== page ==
PINE PLAINS, N.Y. — Tom Carvel, founder of the Carvel chain of ice cream stores who was widely known for his gravel-voiced pitches for his product in TV and radio ads, died Sunday.
Carvel, 84, sold the Carvel Corp. chain for more than $80 million last year.
He died about 1:30 p.m. at his home in Pine Plains, a rural community about 100 miles north of New York City. The cause of death was not immediately available, but authorities in Dutchess County said Carvel had a history of heart problems.
Carvel, who founded Carvel Corp. in 1938, sold his 99% share to an investment bank, Investcorp, in November.
Based on annual sales, Carvel is the third-largest ice cream store chain in the country after Dairy Queen and Haagen-Dazs. The Yonkers, N.Y.-based Carvel has more than 700 stores, most of them in New York, Florida, Connecticut, Massachusetts, New Jersey and other East Coast states.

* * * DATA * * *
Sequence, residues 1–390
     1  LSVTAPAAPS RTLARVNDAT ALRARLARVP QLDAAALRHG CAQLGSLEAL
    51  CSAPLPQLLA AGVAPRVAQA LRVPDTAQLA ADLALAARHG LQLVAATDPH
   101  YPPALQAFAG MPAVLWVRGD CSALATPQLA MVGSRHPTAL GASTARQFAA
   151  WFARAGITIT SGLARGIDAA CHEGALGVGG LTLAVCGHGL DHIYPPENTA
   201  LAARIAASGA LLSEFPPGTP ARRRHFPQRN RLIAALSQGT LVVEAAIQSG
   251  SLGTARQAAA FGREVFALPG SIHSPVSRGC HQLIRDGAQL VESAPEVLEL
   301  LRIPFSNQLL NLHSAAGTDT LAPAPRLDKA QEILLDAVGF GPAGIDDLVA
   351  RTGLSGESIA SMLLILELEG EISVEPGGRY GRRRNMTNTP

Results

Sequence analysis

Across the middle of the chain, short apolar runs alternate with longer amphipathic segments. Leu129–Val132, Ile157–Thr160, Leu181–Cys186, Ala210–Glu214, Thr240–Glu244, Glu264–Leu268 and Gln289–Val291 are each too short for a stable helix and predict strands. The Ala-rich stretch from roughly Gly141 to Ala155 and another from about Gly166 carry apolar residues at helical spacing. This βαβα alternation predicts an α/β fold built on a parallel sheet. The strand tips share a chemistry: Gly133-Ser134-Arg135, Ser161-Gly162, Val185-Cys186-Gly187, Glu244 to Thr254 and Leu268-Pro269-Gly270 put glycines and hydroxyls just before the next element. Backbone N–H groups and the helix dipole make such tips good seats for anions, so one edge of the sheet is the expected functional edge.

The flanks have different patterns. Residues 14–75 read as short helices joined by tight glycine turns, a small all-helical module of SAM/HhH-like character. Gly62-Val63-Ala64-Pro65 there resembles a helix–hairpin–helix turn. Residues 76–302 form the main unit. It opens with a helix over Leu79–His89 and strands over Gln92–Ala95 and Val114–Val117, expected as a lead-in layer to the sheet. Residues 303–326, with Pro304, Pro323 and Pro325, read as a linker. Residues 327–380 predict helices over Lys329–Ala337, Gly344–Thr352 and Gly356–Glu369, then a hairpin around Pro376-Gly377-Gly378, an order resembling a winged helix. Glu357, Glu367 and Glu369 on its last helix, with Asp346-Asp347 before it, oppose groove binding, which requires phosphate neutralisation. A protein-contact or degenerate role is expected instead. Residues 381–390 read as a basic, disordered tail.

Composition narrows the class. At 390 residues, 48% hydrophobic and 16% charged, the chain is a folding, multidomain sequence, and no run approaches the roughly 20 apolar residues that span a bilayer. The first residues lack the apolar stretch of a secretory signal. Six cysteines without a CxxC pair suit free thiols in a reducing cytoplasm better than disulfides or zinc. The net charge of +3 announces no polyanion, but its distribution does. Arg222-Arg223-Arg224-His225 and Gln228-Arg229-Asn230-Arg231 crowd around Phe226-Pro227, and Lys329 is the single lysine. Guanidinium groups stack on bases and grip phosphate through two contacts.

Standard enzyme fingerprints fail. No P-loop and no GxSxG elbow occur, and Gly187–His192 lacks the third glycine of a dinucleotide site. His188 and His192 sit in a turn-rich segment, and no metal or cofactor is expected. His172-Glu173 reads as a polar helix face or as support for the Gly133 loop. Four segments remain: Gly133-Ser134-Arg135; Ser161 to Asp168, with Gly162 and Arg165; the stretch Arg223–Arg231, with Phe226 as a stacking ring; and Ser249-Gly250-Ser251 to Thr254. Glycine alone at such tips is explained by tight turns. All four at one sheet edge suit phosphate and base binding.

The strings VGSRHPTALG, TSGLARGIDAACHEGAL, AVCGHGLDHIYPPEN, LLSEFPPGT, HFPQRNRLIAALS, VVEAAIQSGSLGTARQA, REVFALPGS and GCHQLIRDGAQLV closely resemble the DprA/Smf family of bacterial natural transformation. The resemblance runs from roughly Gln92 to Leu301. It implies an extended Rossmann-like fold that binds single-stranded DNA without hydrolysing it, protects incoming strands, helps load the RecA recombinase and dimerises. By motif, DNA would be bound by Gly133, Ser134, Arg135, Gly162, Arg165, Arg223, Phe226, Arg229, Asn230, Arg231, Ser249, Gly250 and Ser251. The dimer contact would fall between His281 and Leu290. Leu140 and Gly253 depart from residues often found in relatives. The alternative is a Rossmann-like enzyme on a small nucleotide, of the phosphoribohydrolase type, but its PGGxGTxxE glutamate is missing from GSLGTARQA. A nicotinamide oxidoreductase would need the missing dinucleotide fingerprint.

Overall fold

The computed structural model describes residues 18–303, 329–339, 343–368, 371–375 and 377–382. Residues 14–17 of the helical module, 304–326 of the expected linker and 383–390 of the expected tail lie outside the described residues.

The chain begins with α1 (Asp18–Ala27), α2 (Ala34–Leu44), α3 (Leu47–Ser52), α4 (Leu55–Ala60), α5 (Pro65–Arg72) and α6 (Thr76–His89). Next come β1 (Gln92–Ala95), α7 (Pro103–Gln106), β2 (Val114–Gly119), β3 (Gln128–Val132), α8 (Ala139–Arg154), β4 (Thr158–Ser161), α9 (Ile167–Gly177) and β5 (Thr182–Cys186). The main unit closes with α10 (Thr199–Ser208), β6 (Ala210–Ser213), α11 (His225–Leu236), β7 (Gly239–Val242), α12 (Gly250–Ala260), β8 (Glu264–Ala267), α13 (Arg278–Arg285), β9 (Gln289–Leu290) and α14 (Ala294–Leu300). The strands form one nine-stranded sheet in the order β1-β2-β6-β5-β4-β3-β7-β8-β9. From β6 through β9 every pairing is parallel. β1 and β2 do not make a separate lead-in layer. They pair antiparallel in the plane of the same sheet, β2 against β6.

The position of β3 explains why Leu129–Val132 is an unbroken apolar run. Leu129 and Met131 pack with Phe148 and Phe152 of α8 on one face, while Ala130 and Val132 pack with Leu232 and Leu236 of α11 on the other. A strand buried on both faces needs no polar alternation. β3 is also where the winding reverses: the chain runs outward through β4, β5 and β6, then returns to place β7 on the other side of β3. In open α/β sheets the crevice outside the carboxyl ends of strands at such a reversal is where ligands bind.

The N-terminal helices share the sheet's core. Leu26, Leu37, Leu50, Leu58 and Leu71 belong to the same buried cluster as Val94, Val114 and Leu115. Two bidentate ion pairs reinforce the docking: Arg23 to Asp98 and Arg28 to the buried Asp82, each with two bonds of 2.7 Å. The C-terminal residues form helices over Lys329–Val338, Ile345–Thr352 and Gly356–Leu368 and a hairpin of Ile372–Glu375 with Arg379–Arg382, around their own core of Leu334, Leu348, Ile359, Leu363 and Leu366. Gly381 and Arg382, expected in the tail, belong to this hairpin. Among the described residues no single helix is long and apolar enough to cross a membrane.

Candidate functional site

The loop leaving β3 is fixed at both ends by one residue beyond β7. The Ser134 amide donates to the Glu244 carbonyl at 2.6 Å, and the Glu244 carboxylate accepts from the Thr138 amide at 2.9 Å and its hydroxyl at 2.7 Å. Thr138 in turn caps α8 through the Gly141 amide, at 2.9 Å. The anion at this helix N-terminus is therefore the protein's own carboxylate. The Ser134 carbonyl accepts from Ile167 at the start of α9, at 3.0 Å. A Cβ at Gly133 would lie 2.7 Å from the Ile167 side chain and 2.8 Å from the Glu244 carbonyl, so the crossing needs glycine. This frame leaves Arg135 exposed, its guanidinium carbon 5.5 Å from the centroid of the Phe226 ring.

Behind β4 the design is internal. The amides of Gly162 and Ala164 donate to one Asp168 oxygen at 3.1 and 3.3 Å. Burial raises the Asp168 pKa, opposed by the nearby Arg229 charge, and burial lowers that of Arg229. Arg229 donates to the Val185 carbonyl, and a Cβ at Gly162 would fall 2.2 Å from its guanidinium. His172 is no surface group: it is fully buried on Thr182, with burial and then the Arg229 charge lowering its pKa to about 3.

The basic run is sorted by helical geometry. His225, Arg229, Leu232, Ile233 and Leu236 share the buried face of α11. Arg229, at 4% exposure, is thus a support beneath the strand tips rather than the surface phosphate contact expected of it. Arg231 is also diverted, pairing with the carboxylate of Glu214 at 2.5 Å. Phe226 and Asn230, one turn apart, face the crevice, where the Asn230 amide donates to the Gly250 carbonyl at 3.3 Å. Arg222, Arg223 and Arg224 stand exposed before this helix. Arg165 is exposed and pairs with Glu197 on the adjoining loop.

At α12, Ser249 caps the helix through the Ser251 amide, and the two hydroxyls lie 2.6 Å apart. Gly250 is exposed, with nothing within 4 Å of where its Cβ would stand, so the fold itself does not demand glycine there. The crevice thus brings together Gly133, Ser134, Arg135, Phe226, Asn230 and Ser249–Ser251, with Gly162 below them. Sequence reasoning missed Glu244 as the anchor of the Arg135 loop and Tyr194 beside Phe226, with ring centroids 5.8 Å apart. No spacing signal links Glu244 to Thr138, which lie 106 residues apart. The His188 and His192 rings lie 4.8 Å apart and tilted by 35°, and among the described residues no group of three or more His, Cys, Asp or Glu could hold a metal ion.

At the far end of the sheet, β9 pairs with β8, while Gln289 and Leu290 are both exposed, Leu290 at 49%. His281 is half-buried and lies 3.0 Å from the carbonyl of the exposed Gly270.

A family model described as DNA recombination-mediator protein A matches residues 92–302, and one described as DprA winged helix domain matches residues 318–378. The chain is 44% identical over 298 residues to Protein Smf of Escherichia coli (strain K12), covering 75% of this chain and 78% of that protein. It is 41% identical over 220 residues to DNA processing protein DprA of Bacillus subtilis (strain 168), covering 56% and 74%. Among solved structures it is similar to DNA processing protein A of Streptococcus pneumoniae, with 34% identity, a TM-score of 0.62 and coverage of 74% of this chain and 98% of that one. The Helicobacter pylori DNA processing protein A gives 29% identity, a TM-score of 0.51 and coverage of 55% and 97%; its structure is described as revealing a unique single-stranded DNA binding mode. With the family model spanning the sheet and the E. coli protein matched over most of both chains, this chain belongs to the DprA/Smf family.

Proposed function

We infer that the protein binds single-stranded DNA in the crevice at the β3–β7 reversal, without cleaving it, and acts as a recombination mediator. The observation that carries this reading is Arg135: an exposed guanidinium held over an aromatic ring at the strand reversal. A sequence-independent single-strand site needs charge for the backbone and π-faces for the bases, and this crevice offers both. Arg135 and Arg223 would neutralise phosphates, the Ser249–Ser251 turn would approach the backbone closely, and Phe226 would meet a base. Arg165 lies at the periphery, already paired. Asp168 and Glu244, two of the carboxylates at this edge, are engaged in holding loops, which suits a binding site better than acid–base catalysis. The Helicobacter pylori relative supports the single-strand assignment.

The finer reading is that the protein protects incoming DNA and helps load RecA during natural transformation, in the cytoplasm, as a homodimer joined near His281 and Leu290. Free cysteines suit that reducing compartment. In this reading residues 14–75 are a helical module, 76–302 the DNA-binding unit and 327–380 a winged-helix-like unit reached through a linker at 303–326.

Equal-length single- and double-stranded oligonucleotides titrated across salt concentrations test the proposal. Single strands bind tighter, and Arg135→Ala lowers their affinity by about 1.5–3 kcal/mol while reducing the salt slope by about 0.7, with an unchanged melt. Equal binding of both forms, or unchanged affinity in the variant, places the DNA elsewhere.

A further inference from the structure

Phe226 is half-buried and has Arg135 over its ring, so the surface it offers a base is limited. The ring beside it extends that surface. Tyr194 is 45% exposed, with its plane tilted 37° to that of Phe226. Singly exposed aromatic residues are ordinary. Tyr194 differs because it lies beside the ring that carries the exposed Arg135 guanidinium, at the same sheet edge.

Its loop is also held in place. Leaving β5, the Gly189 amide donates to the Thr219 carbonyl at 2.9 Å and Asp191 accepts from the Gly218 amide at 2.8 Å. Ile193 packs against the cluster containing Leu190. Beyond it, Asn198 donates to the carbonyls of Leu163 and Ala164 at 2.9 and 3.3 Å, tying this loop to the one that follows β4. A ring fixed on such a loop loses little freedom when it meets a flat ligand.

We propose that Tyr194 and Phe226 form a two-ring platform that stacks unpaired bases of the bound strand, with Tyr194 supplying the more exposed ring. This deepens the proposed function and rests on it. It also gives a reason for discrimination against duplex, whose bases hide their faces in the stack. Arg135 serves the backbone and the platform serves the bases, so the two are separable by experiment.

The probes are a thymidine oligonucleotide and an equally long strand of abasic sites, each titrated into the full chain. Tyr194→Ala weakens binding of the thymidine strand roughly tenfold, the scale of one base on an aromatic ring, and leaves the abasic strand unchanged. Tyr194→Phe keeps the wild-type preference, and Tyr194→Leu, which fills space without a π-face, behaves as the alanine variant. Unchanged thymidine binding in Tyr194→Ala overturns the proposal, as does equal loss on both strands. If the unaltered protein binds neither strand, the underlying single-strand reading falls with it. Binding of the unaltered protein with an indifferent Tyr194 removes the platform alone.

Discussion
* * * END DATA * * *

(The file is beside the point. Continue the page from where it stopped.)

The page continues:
Born in Greece on July 14, 1906, Carvel emigrated to the United States with his family when he was 4 and settled in New York.
In the 1920s, Carvel played drums in a Dixieland band, worked as an auto mechanic and drove an ice cream truck before opening his first ice cream store in Westchester County.
In the mid-1920s, Carvel developed the first machine for making soft ice cream, and later sold the machine to store owners.
He is survived by his wife, Agnes. They had no children. Funeral arrangements are pending.